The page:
Using ATL to Create an Unmanaged COM Component

Working in COM can be intimidating when you first start, but parts of it move quickly from intimidating to boring. For example, every COM component must implement IUnknown . That's not hard after you have done it oncein fact, the code for IUnknown is the same in every COM component. So each project can start with a copy-and-paste session in which you bring over all the code that will be identical in this project. Yuck!

Both the intimidation and the boredom can be lessened dramatically with a library of some kind. Library code can provide the starting point or backbone for your project. If you don't know how to write that code, the library provides a reassuring starting point. If you know how to write the code and have written it many times before, the library spares you the pain of copying it from an old project into a new one.

This was the motivation behind ATL, the Active Template Library. It provides implementations for "stock" interfaces and makes it simple to build small, lightweight, fast COM components and controls. As you can probably tell from the name , it's a library of templates, but even if you're not an experienced template user , you'll find ATL quite straightforward.

A Sample ATL Component

ATL components should be simple and small. Typically they encapsulate business rules as part of a multi-tiered design. For demonstration purposes, a simple validation rule will do, such as for the format of a phone number. The component will have one method, ValidatePhoneNumber() , that takes a string as an input parameter and gives back two output parameters: an error code and an error message.

To create the component, you first create a project, and then add a component to it. Open Visual Studio and choose File, New, Project. Select Visual C++ projects and then ATL Project, and name the project PhoneFormat .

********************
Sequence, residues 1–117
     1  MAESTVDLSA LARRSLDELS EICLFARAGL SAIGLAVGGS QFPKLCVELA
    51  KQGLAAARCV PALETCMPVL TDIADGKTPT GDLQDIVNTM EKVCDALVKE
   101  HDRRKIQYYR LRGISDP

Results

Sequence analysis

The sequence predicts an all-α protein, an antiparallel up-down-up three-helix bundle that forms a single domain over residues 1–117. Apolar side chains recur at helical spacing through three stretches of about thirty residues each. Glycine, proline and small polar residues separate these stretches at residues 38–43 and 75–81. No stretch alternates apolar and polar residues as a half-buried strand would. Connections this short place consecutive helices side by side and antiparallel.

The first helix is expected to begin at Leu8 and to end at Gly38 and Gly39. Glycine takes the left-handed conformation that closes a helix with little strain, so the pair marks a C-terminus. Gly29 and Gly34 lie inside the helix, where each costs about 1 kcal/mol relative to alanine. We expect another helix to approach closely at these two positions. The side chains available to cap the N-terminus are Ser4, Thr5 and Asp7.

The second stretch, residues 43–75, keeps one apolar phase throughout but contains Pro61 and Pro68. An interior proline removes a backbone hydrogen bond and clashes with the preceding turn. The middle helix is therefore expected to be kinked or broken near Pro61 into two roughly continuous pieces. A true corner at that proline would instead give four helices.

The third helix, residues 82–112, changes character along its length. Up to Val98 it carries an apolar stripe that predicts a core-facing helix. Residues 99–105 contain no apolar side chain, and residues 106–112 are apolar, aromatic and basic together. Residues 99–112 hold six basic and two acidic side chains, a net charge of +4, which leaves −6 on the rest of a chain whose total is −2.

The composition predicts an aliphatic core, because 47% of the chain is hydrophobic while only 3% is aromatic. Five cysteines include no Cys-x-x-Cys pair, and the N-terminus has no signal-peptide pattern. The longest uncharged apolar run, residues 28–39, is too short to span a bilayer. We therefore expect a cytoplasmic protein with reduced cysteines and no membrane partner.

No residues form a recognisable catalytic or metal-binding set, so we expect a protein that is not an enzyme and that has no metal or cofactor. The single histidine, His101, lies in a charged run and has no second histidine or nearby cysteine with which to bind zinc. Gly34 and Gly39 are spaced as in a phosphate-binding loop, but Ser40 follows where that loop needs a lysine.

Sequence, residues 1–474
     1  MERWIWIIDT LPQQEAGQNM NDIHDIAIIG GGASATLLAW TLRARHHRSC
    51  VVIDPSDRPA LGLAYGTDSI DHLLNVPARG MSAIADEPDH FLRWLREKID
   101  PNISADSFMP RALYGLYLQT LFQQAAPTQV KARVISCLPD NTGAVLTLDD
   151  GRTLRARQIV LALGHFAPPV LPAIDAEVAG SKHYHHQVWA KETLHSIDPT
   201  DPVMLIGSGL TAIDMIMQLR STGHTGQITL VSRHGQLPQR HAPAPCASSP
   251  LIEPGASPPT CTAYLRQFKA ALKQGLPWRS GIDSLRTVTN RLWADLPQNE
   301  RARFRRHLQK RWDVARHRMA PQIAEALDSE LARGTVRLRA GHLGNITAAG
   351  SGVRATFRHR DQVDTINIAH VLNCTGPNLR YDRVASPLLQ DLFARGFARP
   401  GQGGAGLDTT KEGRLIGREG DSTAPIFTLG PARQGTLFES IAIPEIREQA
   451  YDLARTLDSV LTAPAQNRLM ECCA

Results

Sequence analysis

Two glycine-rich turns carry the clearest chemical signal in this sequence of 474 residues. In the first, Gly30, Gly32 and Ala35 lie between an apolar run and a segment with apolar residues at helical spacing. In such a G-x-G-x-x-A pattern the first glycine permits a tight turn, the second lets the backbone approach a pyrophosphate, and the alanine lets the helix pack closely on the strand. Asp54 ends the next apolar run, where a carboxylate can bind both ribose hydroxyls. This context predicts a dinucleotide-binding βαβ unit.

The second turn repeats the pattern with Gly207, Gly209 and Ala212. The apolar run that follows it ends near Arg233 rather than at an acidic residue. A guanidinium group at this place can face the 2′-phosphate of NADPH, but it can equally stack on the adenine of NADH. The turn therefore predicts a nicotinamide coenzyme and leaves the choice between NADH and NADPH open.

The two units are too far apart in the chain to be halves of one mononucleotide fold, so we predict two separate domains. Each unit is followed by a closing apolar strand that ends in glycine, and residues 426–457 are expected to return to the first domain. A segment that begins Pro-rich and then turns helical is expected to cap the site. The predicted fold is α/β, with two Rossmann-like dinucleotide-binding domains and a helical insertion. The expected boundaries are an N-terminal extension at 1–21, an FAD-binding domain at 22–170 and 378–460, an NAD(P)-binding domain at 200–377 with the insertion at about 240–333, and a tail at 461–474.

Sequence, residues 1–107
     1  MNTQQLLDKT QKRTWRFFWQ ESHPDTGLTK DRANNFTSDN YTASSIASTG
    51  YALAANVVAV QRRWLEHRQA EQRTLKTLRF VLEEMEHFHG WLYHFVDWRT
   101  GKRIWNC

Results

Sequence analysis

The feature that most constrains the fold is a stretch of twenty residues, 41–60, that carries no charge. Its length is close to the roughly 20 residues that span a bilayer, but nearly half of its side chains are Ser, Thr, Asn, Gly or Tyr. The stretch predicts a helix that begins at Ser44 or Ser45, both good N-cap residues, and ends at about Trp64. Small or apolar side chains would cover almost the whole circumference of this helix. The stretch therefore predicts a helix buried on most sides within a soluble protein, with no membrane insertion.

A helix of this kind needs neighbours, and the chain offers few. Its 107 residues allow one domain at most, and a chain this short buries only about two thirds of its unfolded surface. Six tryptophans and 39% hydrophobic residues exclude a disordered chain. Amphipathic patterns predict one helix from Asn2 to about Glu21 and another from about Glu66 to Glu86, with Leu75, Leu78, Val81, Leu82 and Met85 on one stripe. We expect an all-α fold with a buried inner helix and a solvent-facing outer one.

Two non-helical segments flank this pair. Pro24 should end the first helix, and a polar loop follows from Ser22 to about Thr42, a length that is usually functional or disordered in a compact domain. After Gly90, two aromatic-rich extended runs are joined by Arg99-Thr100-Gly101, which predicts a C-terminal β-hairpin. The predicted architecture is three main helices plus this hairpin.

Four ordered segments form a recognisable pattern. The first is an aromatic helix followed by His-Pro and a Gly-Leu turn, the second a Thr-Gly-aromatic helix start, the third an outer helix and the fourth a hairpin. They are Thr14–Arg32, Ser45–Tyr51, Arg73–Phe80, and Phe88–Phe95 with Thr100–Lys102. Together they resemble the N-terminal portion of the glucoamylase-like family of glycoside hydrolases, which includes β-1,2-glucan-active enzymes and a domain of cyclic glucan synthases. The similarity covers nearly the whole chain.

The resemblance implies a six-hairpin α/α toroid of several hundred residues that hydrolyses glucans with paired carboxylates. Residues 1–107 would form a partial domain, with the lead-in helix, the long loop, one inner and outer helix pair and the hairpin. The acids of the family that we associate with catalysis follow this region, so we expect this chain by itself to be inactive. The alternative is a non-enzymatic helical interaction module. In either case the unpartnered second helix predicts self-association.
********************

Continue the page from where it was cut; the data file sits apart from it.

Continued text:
The ATL Project Wizard includes only one tab other than the Overview. By default, it creates the component as a DLL, so the component will be in-process with its client, for fastest possible execution. Click Finish to create the project.

The next step is to add a component to the project. Right-click the PhoneFormat project in Class View and choose Add, Add Class. Expand the Visual C++ node and select ATL underneath it. Select ATL Simple Object and click Open. On the ATL Simple Object Wizard's Names tab, enter a short name of PhoneNumber . All the other boxes will fill themselves in as you type. Click Finish to create the object.

The wizard gave this object a simple interface called IPhoneNumber . You need to add a method, ValidatePhoneNumber() , to the interface. Expand CPhoneNumber in the Class View and then expand Bases and Interfaces underneath that. Right-click IPhoneNumber and choose Add, Add Method.

The Add Method Wizard appears. Fill in the method name, ValidatePhoneNumber . Then add the parameters one at a time. First, add the input stringselect the In check box, choose a type of BSTR (the string type for COM programming), and a name of Number . Click Add. Next, add the first output parameterchoose a type of BYTE* , select the Out check box, enter a name of pError , and click Add. For the last parameter, choose a type of BSTR* , select the Out check box, enter a name of pErrorString , and click Add. The completed dialog box should resemble Figure 8.1. Click Finish.